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Technical Mathematics, Sixth Edition by Michael A. Calter Ph.D., Paul A. Calter

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8.4. Law of Cosines

To use the law of sines we need a known side opposite a known angle. Sometimes we do not have that information, as when, for example, we know three sides and no angle. We can still solve such a triangle using the law of cosines.

8.4.1. Derivation

Consider an oblique triangle ABC as shown in Fig. 8-27. As we did for the law of sines, we start by dividing the triangle into two right triangles by drawing an altitude h to side AC.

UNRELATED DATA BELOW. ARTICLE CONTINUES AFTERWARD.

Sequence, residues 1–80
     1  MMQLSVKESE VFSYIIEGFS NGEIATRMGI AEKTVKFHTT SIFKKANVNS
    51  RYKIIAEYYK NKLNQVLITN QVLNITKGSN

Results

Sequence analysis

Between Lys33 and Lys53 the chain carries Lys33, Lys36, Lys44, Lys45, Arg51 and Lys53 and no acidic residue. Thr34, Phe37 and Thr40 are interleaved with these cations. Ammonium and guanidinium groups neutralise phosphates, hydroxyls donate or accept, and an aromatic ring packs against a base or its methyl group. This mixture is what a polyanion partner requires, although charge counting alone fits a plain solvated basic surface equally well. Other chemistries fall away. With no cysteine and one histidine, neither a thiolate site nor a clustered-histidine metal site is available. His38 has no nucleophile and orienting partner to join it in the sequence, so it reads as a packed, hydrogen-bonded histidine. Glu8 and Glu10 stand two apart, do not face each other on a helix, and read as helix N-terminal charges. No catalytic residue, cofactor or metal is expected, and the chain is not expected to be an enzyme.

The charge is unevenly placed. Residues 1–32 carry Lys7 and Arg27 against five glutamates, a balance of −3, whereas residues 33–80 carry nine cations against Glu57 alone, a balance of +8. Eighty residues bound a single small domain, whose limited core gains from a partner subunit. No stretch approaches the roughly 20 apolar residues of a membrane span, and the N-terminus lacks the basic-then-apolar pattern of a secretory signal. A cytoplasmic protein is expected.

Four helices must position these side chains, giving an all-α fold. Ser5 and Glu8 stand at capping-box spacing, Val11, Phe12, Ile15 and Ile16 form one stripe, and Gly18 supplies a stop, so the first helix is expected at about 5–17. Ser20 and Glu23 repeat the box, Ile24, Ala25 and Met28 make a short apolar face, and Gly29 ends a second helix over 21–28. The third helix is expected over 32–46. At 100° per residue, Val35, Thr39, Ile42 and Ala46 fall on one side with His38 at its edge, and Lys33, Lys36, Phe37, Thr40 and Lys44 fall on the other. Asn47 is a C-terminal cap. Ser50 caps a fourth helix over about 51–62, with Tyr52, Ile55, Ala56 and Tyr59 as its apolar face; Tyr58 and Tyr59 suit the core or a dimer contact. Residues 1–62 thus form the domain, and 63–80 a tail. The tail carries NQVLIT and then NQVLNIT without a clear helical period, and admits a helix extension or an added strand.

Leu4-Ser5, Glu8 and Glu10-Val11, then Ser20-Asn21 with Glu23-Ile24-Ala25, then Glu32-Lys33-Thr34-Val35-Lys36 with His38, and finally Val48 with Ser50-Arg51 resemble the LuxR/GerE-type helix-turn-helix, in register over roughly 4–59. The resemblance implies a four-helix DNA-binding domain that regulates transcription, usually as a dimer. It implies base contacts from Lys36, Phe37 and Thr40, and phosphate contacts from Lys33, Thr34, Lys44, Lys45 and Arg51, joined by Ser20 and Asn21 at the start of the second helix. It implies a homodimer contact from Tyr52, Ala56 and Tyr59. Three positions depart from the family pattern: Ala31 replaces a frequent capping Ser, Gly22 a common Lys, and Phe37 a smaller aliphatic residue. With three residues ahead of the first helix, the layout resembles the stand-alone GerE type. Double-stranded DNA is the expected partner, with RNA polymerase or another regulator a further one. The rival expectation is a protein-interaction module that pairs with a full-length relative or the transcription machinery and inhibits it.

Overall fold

In right triangle ABD,

c2 = h2 + (AD)2

But AD = bCD. Substituting, we get

Now, in right triangle BCD, by the definition of the cosine,

or

Substituting a cos C for CD in Equation (1) yields

c2 = h2 + (ba cos C)2

Squaring, we have

Figure 8.27. Derivation of the law of cosines.

Let us leave this expression for the moment and write the Pythagorean theorem for the same triangle BCD.

h2 = a2 − (CD)2

Again substituting a cos C for CD, we obtain

Substituting this expression for h2 back into (2), we get

c1 = a2a2cos2C + b2 − 2ab cos ...

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